Evolution by Stephen Baxter (Sci-Fi)

Storms of my Grandchildren by James Hansen

Birthright: People and Nature in the Modern World by Stephen Kellert

 

Recommended by Katherine Collins, author, The Nature of Investing, founder, Honeybee Capital Foundation

The Nature Fix: Why Nature Makes Us Happier, Healthier, and More Creative by Florence Williams

 

Recommended by Lisa Dokken, biomimicry consultant and lecturer, Columbia University

The Soil Will Save Us: How Scientists, Farmers, and Foodies Are Healing the Soil to Save the Planetby Kristin Ohlson

 

Recommended by Marjan Eggermont, associate dean, Schulich School of Engineering, and founding co-editor, Zygote Quarterly

Science of Seeing: Essays on Nature from Zygote Quarterly by Adelheid Fischer

(more…)

Oct31

Mimicking the Salt Marsh for #ResilientCities

Dr. Anamarija Frankic

By Dr. Anamarija Frankic

In response to growing coastal challenges, including habitat degradation, loss of biodiversity, and climate change, efforts around the country and the world are increasingly embracing strategies and initiatives focused on promoting environmental sustainability and social responsibility.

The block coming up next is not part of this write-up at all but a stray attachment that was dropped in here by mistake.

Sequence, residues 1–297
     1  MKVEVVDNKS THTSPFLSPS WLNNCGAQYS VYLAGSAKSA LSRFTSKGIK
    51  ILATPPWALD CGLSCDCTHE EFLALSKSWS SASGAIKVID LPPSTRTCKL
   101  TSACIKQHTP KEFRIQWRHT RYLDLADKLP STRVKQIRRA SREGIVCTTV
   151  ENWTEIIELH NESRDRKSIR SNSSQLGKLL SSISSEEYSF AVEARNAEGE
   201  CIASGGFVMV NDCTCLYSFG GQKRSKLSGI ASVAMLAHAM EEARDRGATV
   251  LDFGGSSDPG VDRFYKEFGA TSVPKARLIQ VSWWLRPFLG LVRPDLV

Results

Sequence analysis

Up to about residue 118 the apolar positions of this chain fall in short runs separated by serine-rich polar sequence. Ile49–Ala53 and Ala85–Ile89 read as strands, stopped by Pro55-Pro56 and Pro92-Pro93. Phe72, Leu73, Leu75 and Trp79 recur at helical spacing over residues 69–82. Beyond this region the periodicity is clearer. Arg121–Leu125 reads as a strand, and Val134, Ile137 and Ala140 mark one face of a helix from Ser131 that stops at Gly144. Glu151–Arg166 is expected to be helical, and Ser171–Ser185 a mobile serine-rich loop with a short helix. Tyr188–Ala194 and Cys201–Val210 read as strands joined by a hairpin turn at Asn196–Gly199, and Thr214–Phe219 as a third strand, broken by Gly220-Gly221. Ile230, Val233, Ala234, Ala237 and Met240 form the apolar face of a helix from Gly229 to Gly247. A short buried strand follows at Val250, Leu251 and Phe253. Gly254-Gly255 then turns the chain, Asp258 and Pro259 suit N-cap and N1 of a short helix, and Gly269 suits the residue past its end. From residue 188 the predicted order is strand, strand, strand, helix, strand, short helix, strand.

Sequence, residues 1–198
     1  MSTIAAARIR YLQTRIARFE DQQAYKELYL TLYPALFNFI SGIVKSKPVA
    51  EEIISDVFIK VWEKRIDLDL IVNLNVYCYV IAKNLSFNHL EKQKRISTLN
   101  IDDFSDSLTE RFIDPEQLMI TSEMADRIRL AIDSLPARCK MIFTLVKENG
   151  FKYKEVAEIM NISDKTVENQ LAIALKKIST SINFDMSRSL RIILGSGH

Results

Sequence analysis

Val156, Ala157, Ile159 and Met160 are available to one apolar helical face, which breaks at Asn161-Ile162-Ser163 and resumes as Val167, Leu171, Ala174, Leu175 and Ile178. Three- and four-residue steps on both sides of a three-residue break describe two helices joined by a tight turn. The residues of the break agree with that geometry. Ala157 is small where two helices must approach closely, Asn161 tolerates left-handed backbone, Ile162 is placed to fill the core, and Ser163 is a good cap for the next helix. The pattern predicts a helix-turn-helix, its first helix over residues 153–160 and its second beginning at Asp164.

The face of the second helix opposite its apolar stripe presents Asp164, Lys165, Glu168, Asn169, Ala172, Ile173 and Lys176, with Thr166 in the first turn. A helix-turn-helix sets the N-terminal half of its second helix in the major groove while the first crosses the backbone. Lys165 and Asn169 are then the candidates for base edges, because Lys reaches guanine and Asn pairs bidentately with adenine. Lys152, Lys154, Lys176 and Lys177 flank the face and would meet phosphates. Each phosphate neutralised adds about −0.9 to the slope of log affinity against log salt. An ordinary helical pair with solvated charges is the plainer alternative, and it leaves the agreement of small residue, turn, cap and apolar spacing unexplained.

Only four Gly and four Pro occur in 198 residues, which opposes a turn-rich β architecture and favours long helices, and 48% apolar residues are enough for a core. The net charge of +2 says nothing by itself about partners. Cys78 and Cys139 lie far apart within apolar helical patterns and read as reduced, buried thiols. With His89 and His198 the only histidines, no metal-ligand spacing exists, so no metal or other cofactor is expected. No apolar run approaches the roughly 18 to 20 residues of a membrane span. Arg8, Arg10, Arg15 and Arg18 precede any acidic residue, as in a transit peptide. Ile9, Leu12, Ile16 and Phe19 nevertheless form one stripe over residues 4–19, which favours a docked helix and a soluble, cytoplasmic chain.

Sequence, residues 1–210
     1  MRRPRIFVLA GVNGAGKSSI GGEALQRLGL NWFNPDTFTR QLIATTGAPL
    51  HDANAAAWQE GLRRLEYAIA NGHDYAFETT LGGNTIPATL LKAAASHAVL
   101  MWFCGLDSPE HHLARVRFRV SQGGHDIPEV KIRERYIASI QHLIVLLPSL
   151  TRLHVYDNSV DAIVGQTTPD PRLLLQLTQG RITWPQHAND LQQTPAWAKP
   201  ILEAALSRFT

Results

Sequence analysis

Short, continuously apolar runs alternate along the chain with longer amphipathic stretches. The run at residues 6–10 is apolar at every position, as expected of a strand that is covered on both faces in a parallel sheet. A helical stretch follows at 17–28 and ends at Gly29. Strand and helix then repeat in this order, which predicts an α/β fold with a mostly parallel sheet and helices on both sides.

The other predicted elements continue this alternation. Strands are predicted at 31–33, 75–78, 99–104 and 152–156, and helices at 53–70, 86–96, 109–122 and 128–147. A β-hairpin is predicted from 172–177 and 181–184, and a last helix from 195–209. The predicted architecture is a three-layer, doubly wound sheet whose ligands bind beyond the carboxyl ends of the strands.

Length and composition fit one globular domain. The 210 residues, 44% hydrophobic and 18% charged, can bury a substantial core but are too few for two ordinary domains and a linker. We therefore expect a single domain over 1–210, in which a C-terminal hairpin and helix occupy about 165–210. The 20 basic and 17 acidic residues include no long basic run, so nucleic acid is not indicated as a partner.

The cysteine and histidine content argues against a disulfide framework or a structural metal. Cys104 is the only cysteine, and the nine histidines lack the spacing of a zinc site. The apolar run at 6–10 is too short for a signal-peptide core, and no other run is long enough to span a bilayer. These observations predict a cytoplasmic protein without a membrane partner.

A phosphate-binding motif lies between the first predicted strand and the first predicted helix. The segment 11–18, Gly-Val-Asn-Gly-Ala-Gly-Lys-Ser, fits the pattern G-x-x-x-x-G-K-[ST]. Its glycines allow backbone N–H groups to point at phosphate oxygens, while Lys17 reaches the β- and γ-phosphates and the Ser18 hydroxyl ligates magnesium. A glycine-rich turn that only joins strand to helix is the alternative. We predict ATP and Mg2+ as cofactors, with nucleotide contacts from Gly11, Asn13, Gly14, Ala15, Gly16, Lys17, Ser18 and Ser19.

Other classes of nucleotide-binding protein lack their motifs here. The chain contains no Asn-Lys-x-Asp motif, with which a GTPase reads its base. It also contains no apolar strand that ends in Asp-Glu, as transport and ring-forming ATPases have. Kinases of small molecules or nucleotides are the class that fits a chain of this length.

The most significant impediment to sustaining our coastal natural and human built systems, and the goods and services they provide, is not a lack of technical knowledge but the need for all stakeholders to understand whole systems-level intricacies that true conservation, restoration and adaptation work requires.

Eastern oysters cleaning up to 50 gallons of water per day.

Eastern oysters clean up to 50 gallons of water per day.

 

My work is based on a biomimicry approach in addressing coastal issues. Natural coastal systems and local keystone species like oysters, and habitats such as shellfish beds, salt marshes and eelgrasses work together to stabilize our coasts, sediments, filter water of nutrients and pollutants, providing conditions conducive to life, which are resilient and adaptive to environmental changes.

Observing and learning from coastal systems leads naturally into a discussion on how to apply this wisdom in our human built environment.

The Design Charette I am teaching in November with BiomimicryNYC will explore ideas such as,

How can urban harbors accrete sediment and stop erosion like the salt marsh;

while improving water quality like the oyster reef;

and creating a habitat for other species like eel grass beds?

I’m looking forward to teaching and working with designers, engineers, architects and social entrepreneurs in this region, and excited to see what innovative ideas our teams produce.

If you’re interested in joining our Design Charette on November 17, 2014, please visit this page for more information.

(Frankic et al. 2011).